Although the development of medical technology has greatly alleviated the occurrence of adverse events of radiotherapy, lung tissue, as one of the most radiosensitive organs, is impossible to avoid damage to patients with chest tumors after radiotherapy [51,52,53,54]. Therefore, RILI is still the most common complication after radiotherapy for patients with chest tumors [3]. RILI includes radiation pneumonitis and radiation induced pulmonary fibrosis, the pathogenesis of which is still not completely clear [55]. Mainstream researches show that the mechanism of RILI may be because ionizing radiation can directly cause DNA damage and a large number of free radicals in lung tissue cells, which can mediate and amplify the damage of alveolar epithelial cells and vascular endothelial cells by promoting oxidative stress, vascular damage and inflammatory response, further leading to RILI [56,57,58]. Nowadays there is no specific therapeutic drug for radiation-induced lung injury, only glucocorticoids are used in the treatment of RILI, but it’s not specific treatment [10]. Therefore, there is an urgent need to find a strategy to prevent or treat RILI in clinic. GSTP1 is a protein subtype in glutathione S transferase family, which shows great role in maintaining the balance of cell oxidation and regulating cell proliferation and apoptosis [23, 59]. Although there is no experimental research indicating GSTP1 plays crucial role in RILI, Du’s research presents GSTP1 SNP 105Ile/Val is a vital predictor of RILI, which raise our interest that GSTP1 may have the potential role to protect against RILI [11]. The potential mechanisms of GSTP1 protecting against RILI have already present in this review, which means that GSTP1 may be the significant target for clinical protection of RILI (Fig. 1). However, recent research shows that GSTP1 is closely related to tumor occurrence and prognosis [60,61,62,63]. GSTP1 is highly expressed in a variety of tumor tissues and can be used as a biomarker in tumors [64,65,66]. Therefore, research needs to further explore the role of GSTP1 in tumor tissue after radiotherapy, so that clinic can make individual treatment for patients to reduce the occurrence of RILI.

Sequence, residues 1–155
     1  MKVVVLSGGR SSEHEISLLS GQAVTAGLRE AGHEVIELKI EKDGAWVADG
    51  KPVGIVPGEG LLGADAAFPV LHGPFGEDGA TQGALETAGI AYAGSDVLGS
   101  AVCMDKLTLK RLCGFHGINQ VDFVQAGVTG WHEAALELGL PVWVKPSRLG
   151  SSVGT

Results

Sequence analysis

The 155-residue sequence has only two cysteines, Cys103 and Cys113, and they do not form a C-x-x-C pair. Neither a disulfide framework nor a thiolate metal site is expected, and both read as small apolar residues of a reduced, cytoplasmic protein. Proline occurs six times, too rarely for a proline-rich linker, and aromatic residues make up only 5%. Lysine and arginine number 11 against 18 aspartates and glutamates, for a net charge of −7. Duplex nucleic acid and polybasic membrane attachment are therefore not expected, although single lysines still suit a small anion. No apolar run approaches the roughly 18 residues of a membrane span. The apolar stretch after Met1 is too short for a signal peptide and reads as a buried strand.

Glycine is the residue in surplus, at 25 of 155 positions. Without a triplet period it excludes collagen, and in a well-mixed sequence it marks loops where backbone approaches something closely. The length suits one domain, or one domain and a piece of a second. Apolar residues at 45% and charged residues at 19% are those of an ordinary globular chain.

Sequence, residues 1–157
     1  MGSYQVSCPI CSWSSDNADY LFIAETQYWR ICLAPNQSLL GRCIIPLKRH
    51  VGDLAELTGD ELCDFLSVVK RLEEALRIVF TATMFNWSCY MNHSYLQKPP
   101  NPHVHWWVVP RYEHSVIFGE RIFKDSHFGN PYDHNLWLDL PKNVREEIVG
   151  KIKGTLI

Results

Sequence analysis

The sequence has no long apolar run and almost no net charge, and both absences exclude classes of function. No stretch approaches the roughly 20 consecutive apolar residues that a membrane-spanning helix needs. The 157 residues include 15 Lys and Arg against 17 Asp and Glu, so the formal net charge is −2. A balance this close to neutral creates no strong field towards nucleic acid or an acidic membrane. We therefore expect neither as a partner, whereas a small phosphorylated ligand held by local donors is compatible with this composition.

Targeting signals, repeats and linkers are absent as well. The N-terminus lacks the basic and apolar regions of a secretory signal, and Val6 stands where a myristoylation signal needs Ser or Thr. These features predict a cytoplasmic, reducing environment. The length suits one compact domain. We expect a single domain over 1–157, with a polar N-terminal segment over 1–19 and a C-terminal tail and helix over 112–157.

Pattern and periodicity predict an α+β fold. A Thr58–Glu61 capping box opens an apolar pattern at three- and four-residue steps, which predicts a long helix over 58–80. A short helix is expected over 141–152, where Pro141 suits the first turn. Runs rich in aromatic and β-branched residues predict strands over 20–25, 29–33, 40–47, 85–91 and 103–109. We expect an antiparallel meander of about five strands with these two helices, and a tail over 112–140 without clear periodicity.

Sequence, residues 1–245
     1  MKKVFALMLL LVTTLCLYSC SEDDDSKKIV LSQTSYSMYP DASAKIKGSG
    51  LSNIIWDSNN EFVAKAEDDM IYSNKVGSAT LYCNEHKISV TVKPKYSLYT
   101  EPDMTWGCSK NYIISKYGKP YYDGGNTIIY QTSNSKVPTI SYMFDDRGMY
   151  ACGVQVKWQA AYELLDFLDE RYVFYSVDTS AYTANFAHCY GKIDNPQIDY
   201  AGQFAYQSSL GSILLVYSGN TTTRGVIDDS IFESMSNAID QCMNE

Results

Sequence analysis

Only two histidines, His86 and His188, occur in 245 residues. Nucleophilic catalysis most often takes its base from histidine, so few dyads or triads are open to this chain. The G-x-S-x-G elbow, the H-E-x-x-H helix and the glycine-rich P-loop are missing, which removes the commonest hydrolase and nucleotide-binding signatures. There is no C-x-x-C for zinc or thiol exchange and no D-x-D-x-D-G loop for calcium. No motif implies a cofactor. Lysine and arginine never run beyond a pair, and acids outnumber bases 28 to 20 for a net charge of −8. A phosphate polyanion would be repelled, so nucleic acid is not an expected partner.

Fig. 1
figure1

Potential mechanisms of GSTP1 in RILI

Conclusion

All in all, GSTP1 is an important predictor of RILI and may play vital role in prevention of RILI. The potential mechanisms of GSTP1 in RILI include inflammatory response, radiation induced fibrosis and cell apoptosis. However, there is still no clear experiment to show the role and mechanism of GSTP1 in RILI. This is a research idea we provide for everyone, which could make better individualized treatment strategies for the clinic. Furthermore, although related studies have shown that GSTP1 is closely related to the occurrence and development of tumors, there is no research showing the role of GSTP1 in tumor tissues after radiotherapy. Till now, there are several evidences showing that targeting GSTP1 can have a synergistic effect with chemotherapy drugs, but no relevant study shown between GSTP1 and chemotherapy-induced lung injury [66,67,68]. If the changes in the expression or activity of GSTP1 protein could be controlled to increase the destructive effect of radiotherapy on tumor tissues, while reducing radiation damage to the normal lung tissue, it will have extremely important medical significance for the treatment and prognosis of patients with thoracic tumors. This is the core purpose of this review.

Availability of data and materials

The datasets are available under reasonable request.

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Funding

This study was supported in part by the grants from National Natural Science Foundation of China (No. 82003387), Military Research Plan (No. 20BJZ40) and The Second Medical Center & National Clinical Research Center for Geriatric Diseases, Chinese PLA General Hospital (NCRCG-PLAGH-2020003).

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XL and LD made the manuscript. WY did the perspective part. NM and YW helped collect clinic data. BQ participated in the writing of paper and revision of manuscript. All authors read and approved the final manuscript.

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Correspondence to Baolin Qu.

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Lei, X., Du, L., Yu, W. et al. GSTP1 as a novel target in radiation induced lung injury. J Transl Med 19, 297 (2021). https://doi.org/10.1186/s12967-021-02978-0

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Keywords

  • Radiation induced lung injury
  • GSTP1
  • Inflammatory response
  • Fibrosis